What is pancreatic cancer?
11/29/2021 by Stephanie Hansel, M.D.
Your pancreas is an organ that lies behind your stomach and releases enzymes that aid in digestion. Noncancerous and cancerous growths can occur in the pancreas. The most common cancer of the pancreas is pancreatic ductal adenocarcinoma.
What symptoms might indicate pancreatic cancer?
In the early stages of pancreatic cancer, patients often do not have symptoms. Some pancreatic cancers are found incidentally when imaging is completed to assess for other conditions. In the advanced stages of pancreatic cancer, patients may experience unintentional weight loss, loss of appetite, yellowing of the whites of eyes and skin, dark-colored urine, pale-colored stools, new diagnosis of diabetes or existing diabetes that is more difficult to control, blood clots, and fatigue.
What tests are needed to diagnose pancreatic cancer?
A CT or MRI scan is often used to diagnose pancreatic cancer. A biopsy may be necessary to confirm this diagnosis.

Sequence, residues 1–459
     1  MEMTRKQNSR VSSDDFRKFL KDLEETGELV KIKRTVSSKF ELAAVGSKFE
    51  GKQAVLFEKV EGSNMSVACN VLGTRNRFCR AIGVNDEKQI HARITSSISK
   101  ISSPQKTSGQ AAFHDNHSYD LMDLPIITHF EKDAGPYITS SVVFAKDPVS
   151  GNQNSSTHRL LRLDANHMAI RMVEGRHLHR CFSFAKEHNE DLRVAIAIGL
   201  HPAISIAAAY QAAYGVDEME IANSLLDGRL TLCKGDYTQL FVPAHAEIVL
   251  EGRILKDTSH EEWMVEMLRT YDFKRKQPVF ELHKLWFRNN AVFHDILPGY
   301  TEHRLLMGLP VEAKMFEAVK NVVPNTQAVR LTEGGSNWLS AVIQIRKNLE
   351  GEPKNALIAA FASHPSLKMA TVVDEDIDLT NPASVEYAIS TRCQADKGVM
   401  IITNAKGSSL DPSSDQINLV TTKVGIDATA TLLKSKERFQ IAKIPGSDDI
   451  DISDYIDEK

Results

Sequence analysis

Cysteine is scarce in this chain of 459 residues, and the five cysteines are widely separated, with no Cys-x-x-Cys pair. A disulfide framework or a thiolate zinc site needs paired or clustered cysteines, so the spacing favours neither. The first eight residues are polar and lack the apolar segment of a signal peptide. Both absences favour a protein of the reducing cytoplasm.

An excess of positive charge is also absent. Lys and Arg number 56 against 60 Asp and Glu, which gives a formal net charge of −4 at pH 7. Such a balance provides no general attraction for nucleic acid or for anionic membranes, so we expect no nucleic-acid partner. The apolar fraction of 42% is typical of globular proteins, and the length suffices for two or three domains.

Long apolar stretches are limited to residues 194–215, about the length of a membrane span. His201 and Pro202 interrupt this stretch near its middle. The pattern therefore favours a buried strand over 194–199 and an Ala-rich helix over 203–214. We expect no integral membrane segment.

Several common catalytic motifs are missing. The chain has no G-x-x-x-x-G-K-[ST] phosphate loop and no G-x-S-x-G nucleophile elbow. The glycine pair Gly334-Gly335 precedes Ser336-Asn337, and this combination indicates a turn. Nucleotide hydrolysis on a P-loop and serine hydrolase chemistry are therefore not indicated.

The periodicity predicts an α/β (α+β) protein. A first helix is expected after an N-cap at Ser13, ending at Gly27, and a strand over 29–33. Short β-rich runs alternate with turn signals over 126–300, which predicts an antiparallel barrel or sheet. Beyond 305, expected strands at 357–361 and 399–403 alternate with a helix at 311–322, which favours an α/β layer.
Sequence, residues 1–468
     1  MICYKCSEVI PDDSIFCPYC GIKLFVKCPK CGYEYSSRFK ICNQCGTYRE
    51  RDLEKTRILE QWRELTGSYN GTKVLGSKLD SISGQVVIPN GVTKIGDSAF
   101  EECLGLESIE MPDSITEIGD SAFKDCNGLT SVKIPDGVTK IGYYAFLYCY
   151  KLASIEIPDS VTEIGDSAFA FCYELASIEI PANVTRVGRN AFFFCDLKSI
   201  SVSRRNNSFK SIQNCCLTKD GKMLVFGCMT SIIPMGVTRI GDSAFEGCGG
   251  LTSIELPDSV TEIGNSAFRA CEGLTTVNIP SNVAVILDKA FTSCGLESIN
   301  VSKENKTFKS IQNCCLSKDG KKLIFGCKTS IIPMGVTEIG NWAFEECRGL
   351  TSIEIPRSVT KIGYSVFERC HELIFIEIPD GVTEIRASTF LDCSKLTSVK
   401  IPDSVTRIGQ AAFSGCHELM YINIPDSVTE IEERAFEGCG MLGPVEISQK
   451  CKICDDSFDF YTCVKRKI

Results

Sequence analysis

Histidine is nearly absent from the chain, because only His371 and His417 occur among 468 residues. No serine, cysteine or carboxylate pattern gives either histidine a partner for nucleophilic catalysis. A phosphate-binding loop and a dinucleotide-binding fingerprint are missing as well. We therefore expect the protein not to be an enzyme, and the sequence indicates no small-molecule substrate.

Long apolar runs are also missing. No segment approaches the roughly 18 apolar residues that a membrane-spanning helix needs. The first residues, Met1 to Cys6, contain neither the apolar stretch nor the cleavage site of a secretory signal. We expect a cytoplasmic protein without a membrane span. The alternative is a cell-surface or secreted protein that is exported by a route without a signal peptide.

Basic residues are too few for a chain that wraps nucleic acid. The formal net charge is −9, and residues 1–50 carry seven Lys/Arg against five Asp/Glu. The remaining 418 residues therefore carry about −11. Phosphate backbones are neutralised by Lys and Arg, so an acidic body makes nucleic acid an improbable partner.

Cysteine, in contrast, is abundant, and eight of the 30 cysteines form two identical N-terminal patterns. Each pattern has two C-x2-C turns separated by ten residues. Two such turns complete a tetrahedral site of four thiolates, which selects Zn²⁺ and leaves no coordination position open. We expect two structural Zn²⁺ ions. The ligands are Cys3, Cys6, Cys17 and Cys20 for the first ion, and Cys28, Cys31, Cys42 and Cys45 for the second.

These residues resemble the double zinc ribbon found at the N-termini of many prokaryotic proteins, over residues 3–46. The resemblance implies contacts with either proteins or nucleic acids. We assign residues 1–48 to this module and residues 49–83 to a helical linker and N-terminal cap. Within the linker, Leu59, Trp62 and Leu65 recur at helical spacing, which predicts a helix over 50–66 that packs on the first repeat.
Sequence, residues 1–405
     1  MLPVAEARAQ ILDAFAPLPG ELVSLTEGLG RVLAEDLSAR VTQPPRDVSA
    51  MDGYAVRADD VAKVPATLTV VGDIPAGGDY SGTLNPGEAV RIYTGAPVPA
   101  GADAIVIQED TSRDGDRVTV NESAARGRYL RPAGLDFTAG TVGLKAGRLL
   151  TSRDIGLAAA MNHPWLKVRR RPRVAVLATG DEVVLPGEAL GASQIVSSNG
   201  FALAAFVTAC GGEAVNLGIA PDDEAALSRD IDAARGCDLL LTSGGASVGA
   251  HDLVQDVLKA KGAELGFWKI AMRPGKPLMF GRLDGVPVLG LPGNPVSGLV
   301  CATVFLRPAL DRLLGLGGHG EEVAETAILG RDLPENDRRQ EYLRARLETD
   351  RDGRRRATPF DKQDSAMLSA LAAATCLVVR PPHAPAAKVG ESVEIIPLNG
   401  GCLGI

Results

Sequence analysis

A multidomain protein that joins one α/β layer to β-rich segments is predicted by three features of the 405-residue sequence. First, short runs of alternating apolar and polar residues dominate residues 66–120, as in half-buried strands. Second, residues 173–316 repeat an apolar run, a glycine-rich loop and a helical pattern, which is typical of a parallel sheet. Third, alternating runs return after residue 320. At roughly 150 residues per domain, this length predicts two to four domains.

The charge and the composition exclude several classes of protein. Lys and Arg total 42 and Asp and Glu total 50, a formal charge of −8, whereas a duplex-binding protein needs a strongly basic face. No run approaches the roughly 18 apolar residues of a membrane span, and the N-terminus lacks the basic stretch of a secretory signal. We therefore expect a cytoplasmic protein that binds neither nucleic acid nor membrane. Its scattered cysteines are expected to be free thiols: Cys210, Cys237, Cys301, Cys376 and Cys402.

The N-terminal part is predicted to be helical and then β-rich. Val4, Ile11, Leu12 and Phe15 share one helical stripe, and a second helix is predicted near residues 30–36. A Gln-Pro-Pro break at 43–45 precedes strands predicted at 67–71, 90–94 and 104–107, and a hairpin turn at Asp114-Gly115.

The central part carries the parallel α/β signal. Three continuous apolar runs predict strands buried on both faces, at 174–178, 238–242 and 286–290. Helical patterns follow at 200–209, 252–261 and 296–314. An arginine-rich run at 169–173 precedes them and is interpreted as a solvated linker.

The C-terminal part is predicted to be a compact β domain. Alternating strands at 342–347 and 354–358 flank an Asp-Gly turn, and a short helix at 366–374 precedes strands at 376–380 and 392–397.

What is the treatment?
Treatment of pancreatic cancer depends on the stage and location of the cancer when it is found. Treatment options include surgery, radiation or chemotherapy, or a combination of these steps.
What preventive steps can you take?
You can lower your risk of developing pancreatic cancer by modifying risk factors. Most important is to avoid or stop smoking. Other modifiable risk factors are maintaining a healthy weight, exercising regularly, and avoiding or limiting alcohol intake.
Stephanie Hansel, M.D., is a gastroenterologist at Mayo Clinic in Rochester. She completed her master's degree at North Dakota State University and her medical degree at the University of North Dakota School of Medicine & Health Sciences. Dr. Hansel completed an internal medicine residency at University of Nebraska Medical Center and a gastroenterology fellowship at Mayo Clinic in Arizona. Her interests include general gastroenterology, endoscopy and medical education.